Telematics is proving “almost essential” to the adoption of electric vans and job-need electric cars, says the Association of Fleet Professionals. 
Stewart Lightbody, vice chair at the industry body, explained the technology was important when it came to resolving two major points – when, where and for how long these cars and light commercial vehicles were charged, and calculating actual amounts where employers were reimbursing employees for charging costs incurred. 
He said: “We now have a number of major fleets with more than a thousand electric vehicles (EVs), so there is quite a formidable bank of experience available within the AFP. A key message we are receiving from these members is that in the majority of job-need cases, telematics is proving almost essential to a smooth electrification process. 
“It’s a key element in ensuring that the best option is employed at the best time in terms of convenience and range with the aim of minimising charging downtime. For example, many electric van operators are timing charging to coincide with driver’s breaks, using telematics to confirm that employees are rapid charging to 80% and not lingering to trickle charge to 100%. This is seen as the most productive balance of work availability against charging time. 
“Others are trying to minimise use of rapid charging, especially on motorways, because low operating costs are an essential part of their electrification objectives. There is generally a wide gap between the cheapest available power – which is usually at home – and the most expensive – normally the fastest commercial charging on motorways.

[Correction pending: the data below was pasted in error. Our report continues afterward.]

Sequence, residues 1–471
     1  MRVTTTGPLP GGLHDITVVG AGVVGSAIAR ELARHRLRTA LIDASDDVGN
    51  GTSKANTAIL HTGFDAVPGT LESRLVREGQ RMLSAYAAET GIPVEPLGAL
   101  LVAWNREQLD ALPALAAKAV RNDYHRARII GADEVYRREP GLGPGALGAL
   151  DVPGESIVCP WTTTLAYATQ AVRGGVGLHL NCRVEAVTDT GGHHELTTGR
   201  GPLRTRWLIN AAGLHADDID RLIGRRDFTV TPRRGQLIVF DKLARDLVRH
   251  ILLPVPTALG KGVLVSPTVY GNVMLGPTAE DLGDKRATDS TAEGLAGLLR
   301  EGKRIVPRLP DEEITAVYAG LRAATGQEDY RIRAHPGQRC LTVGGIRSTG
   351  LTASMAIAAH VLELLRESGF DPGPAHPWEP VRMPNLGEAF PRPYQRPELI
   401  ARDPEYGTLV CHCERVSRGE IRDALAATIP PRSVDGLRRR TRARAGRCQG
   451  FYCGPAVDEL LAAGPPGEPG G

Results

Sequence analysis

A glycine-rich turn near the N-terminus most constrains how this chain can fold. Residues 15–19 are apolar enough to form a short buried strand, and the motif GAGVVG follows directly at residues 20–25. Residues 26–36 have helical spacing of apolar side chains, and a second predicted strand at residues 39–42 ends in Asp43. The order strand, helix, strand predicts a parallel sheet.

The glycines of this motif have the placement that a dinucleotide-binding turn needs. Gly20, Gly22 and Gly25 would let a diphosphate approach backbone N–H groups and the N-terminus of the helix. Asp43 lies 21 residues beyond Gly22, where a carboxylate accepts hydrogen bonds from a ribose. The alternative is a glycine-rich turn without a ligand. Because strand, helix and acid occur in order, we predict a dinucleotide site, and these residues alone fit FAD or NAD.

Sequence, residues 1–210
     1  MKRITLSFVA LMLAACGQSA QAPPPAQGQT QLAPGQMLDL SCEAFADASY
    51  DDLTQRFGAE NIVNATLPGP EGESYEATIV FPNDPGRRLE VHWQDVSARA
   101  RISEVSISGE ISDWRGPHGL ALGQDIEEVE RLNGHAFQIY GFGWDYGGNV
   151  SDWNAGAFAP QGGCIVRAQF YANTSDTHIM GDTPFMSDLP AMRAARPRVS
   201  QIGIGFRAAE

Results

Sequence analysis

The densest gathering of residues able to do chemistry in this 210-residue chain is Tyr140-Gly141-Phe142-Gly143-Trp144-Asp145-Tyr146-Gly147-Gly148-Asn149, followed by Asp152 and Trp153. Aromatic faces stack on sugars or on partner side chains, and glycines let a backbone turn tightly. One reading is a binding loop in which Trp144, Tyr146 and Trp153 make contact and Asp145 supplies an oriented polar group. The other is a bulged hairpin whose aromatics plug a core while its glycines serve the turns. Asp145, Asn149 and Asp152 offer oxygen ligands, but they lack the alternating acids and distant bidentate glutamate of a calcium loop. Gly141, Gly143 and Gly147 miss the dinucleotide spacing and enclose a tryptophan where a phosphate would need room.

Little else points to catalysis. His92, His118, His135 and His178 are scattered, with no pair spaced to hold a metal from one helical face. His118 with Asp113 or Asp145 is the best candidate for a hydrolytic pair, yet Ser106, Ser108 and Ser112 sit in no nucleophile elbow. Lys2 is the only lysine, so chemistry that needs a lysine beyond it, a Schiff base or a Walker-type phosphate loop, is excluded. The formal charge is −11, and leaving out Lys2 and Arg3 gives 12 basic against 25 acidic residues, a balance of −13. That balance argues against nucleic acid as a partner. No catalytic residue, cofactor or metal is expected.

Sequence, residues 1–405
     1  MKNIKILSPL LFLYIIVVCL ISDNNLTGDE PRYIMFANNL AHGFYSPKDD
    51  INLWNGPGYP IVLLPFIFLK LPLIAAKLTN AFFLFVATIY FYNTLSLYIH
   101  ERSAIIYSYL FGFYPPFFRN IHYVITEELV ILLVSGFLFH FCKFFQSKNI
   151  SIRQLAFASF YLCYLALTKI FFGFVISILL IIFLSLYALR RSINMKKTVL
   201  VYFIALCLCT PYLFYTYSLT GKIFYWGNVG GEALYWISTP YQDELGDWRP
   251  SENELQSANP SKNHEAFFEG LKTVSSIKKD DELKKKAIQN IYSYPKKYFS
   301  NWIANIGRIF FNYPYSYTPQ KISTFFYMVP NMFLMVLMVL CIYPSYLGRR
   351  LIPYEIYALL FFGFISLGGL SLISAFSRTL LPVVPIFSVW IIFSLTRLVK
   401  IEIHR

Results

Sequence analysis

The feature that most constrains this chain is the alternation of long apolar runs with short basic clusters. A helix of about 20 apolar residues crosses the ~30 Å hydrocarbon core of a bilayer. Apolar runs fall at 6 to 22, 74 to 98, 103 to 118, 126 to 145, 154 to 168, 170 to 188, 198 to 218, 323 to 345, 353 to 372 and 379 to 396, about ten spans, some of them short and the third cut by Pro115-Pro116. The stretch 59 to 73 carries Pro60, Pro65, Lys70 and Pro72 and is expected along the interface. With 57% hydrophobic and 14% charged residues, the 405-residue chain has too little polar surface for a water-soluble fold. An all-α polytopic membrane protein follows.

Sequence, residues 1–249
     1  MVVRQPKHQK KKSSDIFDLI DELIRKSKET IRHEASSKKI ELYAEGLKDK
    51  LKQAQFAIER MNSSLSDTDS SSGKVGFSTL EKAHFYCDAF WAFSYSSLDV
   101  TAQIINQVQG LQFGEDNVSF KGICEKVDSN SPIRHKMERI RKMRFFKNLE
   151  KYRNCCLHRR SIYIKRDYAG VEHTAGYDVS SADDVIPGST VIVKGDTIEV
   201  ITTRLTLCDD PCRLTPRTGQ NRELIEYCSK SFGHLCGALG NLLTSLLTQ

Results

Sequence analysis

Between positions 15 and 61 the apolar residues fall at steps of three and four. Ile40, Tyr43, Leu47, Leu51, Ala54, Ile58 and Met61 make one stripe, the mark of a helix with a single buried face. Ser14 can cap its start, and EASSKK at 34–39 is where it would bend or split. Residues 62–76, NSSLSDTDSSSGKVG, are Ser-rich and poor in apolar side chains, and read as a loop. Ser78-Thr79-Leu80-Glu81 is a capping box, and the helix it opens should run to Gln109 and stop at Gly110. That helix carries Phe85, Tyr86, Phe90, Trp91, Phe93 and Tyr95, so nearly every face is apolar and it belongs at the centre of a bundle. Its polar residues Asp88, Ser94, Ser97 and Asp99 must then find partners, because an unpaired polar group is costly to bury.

“Additionally, in cases where there is limited charging provision – such as in remote areas – the technology means that work can be planned around the few facilities that are available, making EVs practicable in places where there might otherwise be difficulties. 
“In all of these instances, the use of telematics makes planning and monitoring much easier, showing the location and type of chargers in relation to the vehicle route and allowing charging strategies to be implemented effectively.” 
Stewart added that there was also an important role for telematics in tracking vehicle mileage for fleets that used an actual cost method for charging reimbursement. 
“While the 8p AER rate introduced last year was much more acceptable for many employers, there remain a relatively large number who recognise that this is not going to meet the costs that some drivers are racking up driving an EV, especially in vans and larger cars. Telematics means that actual costs can be calculated with greater ease, making this kind of reimbursement a more practical proposition.” 
AFP members were swapping ideas and observations on EV management on an almost daily basis, he said, sharing their experiences and solutions. 
“Electrification is providing a whole series of new opportunities and challenges for fleets and this thinking around telematics is only one fragment of the overall picture. An important advantage of being part of the AFP is the ability to network and access best practice, and this is something that is proving especially important for EV operators at the moment.” 
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